Wednesday, July 13, 2011

The Old House


I did something spontaneous the other day when I was out running errands. I was in the area, so I decided, after 21 years, to see if I remembered how to get to the old house and I managed to find it and snap a picture, although it looks much different now.

That's never been a good neighborhood. Maybe once it was, back in the 60s I'd imagine. It was bad back then and it still is now. It's a cheap rent kind of place. There have always been a lot of fresh immigrants sharing cramped quarters. Old people live in many of the homes. They're the types who bought the houses back when they were new and never left, even as the cul-de-sacs and courts crumbled into ruin around them - the chain link fences rusting, walls staining scab-colored from sprinklers, grass dying and roofs never being replaced. When we lived there the neighborhood was largely Hispanic but now it seems to be Haitian, though I saw a good sprinkling of white trash too. I guess anyone who's poor moves in. I'm pretty sure there's gang activity.

Our house though, was nicer than we left it. Someone is trying. Look, they planted some little ornamental palms. When we lived there, the yard was mostly dirt, but part of the front yard is now covered in sod. That trim is new too. The house was all white when I was sixteen and now it's pale yellow with accents the color of Gulden's Spicy mustard. The summer of 1990, that poor house looked like it had never been painted. It certainly wasn't a crisp, intentional white. It was a faded and streaked with grey and mud kind of non-color that was closer to newspaper than actual white paint.

You can tell how tiny the place is. You walk right into a living room and you immediately find yourself facing a sliver of kitchen (the refrigerator was practically in the living room), no bigger than a hallway and that leads back to a Florida room that was so dilapidated and filled with old junk that Aunt Kiki, always a hoarder, promised to come pick up eventually and never did.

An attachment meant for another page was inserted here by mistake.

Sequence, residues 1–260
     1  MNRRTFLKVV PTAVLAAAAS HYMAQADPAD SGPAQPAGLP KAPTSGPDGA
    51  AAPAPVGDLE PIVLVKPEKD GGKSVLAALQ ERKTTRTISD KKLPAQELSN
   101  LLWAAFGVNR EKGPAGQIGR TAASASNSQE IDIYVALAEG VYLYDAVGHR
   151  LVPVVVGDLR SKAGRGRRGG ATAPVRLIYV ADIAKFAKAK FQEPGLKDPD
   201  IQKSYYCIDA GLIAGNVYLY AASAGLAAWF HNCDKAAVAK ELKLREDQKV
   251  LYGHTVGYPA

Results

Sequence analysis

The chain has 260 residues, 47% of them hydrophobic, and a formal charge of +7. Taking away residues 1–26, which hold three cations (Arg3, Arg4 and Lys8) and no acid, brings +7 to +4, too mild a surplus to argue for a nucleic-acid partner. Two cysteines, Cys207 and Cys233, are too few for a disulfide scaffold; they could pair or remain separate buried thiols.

If you stand in the living room, on the terrazzo floor, and look to your left you'll see that about four steps away is a door that opens into one of the bedrooms. Jim and Scott slept in there on futon cushions and stacks of blankets. 

The next door back is where David and I slept. We agreed to pay more rent so we could have the room with the window unit AC and we were closer to the one bathroom, which had that canned salmon colored tile so popular back in the 60s. The bathroom was so small you could hardly turn around in it. Right outside the bathroom and across from our bedroom is a linen closet. I don't remember us having much in the way of linen, but I'm sure we crammed our sandy beach towels in there.


And what is so special about this house? Nothing. Only that it is the first place I ever tried to live on my own.

2 comments:

Light Pollution said...

It's always weird to drive by a house you use to live in. I drove by my grandma's old house a few years ago and was horrified to discover that where I remembered grapevines and dead pet graves, there were multiple trailers. Trailers! My grandma's backyard is now a trailer park. Depressing. At lease yours is getting some care.

Venus Flytrap, Inc. said...

Wow, Wide Lawns. WOW.

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